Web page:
15. Signed Mac version with Apple developer ID

    Here's a screen shot of the new mDNS camera discovery in operation (accessed from the Preferences Window where  you set the camera address).

    Perhaps the neatest feature of the new version is the ability of the application to tell you if there is an updated version of itself or an updated version of the firmware for the attached camera and then download a zip file with the new code.

    iOS App

    The iOS app got the new IsoTherm palette as well as camera discovery.  The IsoTherm palette is great for quickly finding both the hot and cold spots in an image.

    Python Driver

    Last, but not least,  my friend bitreaper and I have been working on the Python driver to allow it to support the tCam-Mini Hardware Interface on a Raspberry Pi.  One of the things I've noticed over the years (and saw for myself) is that user space programs on the Pi have a hard time keeping up the the Lepton VoSPI pipeline.  Lots of users complaining in the forums about that. tCam-Mini with the python driver is a great solution to that problem.  In addition to communicating over a network socket the Python driver can now use the Pi's serial and SPI ports to communicate directly with a tCam-Mini.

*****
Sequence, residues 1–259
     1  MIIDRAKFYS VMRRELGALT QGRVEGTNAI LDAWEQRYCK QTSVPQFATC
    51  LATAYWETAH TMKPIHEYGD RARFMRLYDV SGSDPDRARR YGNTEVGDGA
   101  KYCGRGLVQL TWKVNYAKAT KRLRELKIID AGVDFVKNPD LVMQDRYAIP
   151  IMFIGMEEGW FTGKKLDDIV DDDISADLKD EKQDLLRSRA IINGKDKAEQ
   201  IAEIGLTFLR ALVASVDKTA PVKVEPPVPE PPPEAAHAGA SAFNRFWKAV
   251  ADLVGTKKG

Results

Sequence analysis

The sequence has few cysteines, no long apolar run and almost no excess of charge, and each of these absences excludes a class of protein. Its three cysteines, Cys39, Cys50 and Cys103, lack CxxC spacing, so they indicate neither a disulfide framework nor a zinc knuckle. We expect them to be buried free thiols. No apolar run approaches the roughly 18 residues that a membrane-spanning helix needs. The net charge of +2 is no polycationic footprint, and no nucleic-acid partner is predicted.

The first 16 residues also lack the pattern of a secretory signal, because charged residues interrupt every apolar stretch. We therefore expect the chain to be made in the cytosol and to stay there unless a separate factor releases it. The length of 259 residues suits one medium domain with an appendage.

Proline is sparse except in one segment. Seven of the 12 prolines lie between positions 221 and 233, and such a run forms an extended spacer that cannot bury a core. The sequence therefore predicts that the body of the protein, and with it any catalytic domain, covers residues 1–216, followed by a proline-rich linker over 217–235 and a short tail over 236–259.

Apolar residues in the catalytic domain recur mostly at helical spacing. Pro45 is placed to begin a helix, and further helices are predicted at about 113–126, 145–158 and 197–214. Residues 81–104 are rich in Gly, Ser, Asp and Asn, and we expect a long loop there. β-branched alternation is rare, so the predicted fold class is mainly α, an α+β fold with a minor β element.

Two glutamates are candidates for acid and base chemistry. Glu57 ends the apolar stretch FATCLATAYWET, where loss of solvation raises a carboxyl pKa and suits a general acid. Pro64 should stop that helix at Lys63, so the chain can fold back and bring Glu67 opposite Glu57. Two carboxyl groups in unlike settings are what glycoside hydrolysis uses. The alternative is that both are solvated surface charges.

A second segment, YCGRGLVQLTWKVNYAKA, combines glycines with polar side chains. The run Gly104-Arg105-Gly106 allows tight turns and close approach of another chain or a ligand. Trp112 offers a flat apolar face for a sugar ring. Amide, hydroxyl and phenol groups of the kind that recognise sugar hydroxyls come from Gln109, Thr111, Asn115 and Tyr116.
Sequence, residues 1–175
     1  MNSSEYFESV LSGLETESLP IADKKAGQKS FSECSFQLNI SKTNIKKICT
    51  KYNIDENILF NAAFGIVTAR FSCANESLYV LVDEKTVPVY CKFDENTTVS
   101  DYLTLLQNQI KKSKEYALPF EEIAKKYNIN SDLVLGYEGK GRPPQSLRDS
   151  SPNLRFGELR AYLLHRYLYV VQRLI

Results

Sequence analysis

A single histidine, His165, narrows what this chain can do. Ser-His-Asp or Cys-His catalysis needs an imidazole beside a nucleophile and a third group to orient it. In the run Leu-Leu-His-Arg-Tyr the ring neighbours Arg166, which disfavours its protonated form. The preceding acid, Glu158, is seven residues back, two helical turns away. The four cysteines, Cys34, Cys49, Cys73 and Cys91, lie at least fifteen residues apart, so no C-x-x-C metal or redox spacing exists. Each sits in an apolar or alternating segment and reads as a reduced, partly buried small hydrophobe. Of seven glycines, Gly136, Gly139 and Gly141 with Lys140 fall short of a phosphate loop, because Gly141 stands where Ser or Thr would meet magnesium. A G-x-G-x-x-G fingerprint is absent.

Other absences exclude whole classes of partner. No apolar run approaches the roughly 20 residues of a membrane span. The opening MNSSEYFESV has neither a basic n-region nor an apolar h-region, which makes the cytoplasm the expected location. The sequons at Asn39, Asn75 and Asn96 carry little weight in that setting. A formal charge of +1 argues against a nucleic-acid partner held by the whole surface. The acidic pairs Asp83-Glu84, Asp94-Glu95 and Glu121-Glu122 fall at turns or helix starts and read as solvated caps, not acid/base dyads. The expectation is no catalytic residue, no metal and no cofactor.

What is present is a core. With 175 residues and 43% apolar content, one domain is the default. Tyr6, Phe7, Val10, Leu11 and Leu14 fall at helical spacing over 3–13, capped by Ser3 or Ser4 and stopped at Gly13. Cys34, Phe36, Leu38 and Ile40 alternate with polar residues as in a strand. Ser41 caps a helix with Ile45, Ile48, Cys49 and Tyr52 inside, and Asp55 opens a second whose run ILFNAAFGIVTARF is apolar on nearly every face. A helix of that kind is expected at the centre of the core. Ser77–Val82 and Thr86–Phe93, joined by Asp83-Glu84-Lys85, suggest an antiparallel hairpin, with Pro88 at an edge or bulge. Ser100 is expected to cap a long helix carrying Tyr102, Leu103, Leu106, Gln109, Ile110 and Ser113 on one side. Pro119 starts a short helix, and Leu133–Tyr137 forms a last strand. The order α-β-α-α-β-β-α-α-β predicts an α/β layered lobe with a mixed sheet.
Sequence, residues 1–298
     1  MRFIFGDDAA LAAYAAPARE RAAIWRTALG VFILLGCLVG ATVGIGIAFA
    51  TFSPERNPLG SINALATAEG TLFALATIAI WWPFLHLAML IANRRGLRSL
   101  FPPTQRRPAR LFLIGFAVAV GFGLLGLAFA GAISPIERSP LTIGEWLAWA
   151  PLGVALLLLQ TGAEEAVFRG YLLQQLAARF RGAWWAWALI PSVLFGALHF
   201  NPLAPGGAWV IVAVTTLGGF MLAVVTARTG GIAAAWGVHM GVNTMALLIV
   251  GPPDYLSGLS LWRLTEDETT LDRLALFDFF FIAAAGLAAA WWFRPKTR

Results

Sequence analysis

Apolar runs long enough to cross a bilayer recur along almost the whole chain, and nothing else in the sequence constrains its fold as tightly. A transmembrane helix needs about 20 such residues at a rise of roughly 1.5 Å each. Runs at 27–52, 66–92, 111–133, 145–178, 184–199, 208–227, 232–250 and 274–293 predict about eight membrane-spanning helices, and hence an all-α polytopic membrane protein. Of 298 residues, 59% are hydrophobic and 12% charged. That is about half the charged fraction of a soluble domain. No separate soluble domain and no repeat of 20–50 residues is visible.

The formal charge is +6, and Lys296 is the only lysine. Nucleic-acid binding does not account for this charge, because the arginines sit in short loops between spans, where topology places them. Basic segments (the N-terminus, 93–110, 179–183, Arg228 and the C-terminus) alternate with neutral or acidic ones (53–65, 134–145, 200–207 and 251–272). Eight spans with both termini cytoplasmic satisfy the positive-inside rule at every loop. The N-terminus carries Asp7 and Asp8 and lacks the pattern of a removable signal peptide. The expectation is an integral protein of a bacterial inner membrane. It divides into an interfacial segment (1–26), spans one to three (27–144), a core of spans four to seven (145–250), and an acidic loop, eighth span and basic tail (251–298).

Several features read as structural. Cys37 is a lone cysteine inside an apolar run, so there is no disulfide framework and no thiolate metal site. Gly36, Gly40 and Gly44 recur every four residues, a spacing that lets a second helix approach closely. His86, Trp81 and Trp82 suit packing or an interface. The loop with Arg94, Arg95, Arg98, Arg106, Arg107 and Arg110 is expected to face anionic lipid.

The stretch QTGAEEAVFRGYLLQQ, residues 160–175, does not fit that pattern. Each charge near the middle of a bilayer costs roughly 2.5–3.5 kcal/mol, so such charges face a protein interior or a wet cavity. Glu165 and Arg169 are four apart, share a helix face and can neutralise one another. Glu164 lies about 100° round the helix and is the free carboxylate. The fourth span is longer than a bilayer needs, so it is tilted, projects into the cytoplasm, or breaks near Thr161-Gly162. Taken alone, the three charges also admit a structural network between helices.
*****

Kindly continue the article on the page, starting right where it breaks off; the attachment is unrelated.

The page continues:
My very first tCam-Mini PCB got new use with wires soldered directly to the ESP32 module for testing.  Here it is on a Raspberry Pi 4 running the streamtest_hw.py demo and a full speed streaming image.

    The driver makes it easy to process data from the camera.  After setup the following two routines handle getting the radiometric data from the stream and converting it to an image to display using Tk.

    def convert(img):
    
        dimg = base64.b64decode(img[...